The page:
New polio virus finding in New York waste ups the urgency to get vaccinated
Rockland County, New York - New York state health officials have revealed that polio was found in waste water a month before its recently recorded case.
On July 21, an adult resident of Rockland County was diagnosed with the first case of polio in the US in over a decade. But a new discovery of its presence in the local sewage shows that it was present long before the diagnosis was made public.
According to the New York State Department of Health's (NYSDOH) website, the virus was detected in samples taken in June by the Centers for Disease Control and Prevention (CDC).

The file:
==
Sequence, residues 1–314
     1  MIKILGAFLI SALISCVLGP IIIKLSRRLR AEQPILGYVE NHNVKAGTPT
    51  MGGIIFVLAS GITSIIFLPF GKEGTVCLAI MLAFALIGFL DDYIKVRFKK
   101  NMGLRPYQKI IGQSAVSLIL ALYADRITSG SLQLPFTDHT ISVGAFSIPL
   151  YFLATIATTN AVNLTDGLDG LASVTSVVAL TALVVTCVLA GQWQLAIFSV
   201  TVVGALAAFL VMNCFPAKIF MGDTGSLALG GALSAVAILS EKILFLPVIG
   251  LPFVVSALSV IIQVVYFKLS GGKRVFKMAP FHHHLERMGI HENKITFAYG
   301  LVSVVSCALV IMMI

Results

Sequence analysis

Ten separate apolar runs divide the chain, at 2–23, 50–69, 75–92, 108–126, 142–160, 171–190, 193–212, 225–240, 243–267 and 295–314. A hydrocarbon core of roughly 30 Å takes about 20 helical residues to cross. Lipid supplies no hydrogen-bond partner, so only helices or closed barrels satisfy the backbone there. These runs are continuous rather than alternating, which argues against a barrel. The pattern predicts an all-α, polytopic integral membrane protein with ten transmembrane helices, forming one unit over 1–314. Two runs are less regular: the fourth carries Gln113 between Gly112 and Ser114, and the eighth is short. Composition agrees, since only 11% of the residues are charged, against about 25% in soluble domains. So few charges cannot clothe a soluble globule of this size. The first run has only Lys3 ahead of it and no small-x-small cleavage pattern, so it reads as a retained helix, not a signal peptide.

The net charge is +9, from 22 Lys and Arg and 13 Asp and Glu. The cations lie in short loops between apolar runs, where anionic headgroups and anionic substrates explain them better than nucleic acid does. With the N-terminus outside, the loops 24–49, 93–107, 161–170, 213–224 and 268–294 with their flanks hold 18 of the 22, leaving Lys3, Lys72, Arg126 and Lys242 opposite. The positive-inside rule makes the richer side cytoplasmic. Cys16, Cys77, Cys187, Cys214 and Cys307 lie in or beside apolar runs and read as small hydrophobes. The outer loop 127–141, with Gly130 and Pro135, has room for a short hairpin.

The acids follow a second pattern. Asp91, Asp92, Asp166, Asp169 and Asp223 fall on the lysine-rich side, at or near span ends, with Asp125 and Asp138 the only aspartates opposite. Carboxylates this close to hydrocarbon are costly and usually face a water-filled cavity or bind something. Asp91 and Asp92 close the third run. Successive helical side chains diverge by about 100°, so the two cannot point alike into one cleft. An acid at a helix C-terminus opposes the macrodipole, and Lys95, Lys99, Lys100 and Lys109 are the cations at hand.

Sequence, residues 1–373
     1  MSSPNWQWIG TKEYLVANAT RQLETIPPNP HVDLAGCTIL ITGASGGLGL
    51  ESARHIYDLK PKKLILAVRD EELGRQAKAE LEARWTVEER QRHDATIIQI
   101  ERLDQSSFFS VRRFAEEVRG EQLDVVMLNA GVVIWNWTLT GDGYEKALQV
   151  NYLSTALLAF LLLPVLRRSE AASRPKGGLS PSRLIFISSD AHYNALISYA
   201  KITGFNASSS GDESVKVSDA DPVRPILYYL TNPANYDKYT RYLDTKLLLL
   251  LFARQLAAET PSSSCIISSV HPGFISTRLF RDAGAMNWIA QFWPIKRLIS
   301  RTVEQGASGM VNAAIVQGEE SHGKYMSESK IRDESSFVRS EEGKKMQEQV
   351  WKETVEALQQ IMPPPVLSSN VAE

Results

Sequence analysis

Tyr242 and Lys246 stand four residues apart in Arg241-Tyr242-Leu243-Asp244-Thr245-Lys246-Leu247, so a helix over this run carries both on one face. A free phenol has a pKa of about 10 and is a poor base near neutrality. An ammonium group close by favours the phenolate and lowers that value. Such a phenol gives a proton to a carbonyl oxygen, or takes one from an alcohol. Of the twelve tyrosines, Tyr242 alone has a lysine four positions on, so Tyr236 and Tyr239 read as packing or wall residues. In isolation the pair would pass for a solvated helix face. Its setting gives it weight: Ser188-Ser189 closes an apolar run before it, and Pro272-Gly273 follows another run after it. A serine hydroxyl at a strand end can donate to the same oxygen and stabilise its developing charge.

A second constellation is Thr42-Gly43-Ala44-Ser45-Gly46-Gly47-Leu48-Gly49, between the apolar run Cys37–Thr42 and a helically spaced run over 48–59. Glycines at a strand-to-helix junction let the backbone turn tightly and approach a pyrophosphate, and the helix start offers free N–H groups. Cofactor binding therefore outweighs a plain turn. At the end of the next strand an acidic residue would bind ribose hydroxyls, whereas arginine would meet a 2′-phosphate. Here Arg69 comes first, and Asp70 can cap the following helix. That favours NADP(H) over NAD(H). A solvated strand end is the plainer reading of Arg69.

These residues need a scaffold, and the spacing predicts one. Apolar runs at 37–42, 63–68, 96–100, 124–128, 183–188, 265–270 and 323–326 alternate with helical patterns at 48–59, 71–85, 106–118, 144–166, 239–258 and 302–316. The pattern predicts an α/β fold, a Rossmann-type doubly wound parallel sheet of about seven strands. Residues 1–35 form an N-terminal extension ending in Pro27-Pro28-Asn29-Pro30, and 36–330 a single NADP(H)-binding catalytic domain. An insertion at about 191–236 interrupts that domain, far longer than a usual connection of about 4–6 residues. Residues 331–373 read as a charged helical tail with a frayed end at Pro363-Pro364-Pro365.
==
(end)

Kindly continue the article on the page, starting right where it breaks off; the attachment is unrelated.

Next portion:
The NYSDOH also said that further analysis of the samples revealed that this particular strain is linked to recent cases in Jerusalem, Israel and the United Kingdom.
"These findings underscore the critical importance of vaccination to protect all New Yorkers and New York children against polio," the agency added.
In an email to The Guardian, the CDC explained that the findings may indicate the virus is present in more people within the community, whose bodies are shedding it in through stool.
Both agencies are now urging unvaccinated residents to get the polio vaccine immediately.
No new polio cases have been made public since July, and the New York Department of Health has said they will "continue to aggressively assess the spread of the virus and communicate openly with New Yorkers."
Cover photo: IMAGO / YAY Images